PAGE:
Every week that a landlord must wait to regain possession of their property is a week of lost income; particularly affecting private landlords and agents who may be relying on rental income to pay their own mortgages and bills.

Within the backlog of possession claims accumulating during the stay on proceedings, private landlords would have needed to wait for possession to be achieved by using a bailiff on over 3,300 occasions.

The English Housing Survey 2017-18 estimates the average weekly rent in the private sector was £193.

Based on this, if a landlord had issued a claim for possession on the day the stay on possessions came into force, by the time cases re-start, landlords would have incurred a loss of £4,149 purely due to the suspension.

The average time from claim to possession by a County Court Bailiff is already 22.8 weeks for private landlords.

This means the landlord who submitted a claim immediately before the stay on possessions will incur an average rental income loss of £8,549 due to these restrictions.

The evidence provided above demonstrates that before the stay on possessions is lifted, there must be a robust strategy in place to manage the large number of cases that will have accumulated.

ARLA Propertymark believes there are a number of key factors which must be addressed for any such strategy to be effective.

Consultation and engagement with industry bodies representing landlords and letting agents must begin as a matter of urgency.

This will ensure that plans take into account the needs of landlords and agents, as court users, rather than just focusing on tenant organisations, and that the impact of the situationon the private rented sector more generally needs to be considered.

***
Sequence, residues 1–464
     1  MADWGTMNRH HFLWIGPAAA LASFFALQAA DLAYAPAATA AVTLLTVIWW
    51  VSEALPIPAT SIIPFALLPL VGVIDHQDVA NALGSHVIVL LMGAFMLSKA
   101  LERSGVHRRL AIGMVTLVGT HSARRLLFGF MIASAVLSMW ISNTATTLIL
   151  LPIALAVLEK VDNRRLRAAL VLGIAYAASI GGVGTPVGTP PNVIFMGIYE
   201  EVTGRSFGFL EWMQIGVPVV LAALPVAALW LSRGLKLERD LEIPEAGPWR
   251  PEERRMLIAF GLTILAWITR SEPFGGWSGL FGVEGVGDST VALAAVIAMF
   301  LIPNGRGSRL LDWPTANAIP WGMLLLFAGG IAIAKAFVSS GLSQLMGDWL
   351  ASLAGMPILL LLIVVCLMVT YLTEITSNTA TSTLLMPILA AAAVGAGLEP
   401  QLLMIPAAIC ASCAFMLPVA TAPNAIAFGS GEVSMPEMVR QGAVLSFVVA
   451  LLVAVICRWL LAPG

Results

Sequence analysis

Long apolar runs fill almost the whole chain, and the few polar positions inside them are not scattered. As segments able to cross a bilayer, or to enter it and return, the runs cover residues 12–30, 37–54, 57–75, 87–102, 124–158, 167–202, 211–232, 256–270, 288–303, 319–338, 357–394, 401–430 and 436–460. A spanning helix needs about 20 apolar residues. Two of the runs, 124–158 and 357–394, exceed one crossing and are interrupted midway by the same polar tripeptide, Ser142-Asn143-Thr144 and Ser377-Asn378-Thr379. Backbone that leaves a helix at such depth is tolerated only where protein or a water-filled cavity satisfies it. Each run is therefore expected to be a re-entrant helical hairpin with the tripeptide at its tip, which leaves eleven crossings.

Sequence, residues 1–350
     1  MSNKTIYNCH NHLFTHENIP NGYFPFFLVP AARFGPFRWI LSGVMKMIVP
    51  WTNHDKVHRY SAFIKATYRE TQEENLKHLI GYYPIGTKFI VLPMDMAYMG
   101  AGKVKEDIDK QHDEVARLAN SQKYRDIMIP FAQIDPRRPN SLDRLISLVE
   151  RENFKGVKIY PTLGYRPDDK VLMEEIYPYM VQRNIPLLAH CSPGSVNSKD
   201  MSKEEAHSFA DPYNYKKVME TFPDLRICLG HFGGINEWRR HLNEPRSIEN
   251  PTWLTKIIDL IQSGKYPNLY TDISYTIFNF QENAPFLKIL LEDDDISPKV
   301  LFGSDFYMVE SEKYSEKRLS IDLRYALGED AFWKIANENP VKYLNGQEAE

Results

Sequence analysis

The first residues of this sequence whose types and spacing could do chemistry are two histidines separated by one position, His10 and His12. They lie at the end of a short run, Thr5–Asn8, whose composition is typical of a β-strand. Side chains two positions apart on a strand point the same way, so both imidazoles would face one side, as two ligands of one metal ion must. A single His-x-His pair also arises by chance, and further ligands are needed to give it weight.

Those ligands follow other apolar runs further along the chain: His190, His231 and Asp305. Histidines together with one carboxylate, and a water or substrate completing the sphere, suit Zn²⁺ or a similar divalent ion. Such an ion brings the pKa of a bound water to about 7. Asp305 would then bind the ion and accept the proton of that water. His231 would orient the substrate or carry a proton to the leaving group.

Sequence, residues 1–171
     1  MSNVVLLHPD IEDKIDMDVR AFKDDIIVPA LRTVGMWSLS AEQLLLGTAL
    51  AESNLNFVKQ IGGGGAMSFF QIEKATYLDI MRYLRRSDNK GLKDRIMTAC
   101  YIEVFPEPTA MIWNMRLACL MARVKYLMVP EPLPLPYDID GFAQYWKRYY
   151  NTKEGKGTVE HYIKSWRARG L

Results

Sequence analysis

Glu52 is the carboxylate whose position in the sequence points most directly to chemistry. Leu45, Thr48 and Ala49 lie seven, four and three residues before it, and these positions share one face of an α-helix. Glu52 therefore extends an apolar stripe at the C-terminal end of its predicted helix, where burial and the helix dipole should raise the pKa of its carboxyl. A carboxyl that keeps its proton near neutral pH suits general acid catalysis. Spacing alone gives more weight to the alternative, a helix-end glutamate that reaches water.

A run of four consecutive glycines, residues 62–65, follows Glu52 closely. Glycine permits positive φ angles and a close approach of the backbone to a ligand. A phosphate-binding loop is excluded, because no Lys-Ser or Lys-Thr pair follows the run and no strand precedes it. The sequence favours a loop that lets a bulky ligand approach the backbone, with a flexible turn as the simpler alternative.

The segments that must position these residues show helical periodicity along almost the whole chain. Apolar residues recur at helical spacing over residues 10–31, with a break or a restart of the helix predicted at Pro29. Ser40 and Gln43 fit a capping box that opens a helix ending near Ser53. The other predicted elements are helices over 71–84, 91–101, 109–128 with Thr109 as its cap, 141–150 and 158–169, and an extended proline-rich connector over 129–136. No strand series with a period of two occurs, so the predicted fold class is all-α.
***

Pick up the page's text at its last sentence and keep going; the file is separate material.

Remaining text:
To avoid further exacerbating additional work for the courts and costly delays for all parties it is imperative that appropriate legal advice and advocacy is made available to all parties in possession cases at this time.

Without proper advice and representation there is a very real likelihood of cases being adjourned and an increase in appeals.

The impact on the Housing Possession Court Duty Scheme will need to be understood and the service sufficiently resourced to meet the increase in demand.

We do not underestimate the challenges ahead as the country continues to recover from the effects of COVID-19.

ARLA Propertymark urges the UK Government to urgently move to develop a robust strategy to manage the re-opening of the courts for landlord possession claims and to work with us and our members to put an effective strategy in place.

We would very much welcome the opportunity to meet with you to discuss this important matter.

Yours sincerely,
David Cox
Chief ExecutiveARLA Propertymark

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One Comment

  1. JMK

    OK I’m being pedantic but…

    “ARLA Propertymark believe the volume of cases that has accumulated since the stay came into force on 26 March 2020 and the impact on the private rented sector cannot be underestimated”

    This is saying the exact opposite of what was intended.  It should either read ‘the impact on the private rented sector should not be underestimated’ or ‘the impact on the private rented sector cannot be overestimated‘.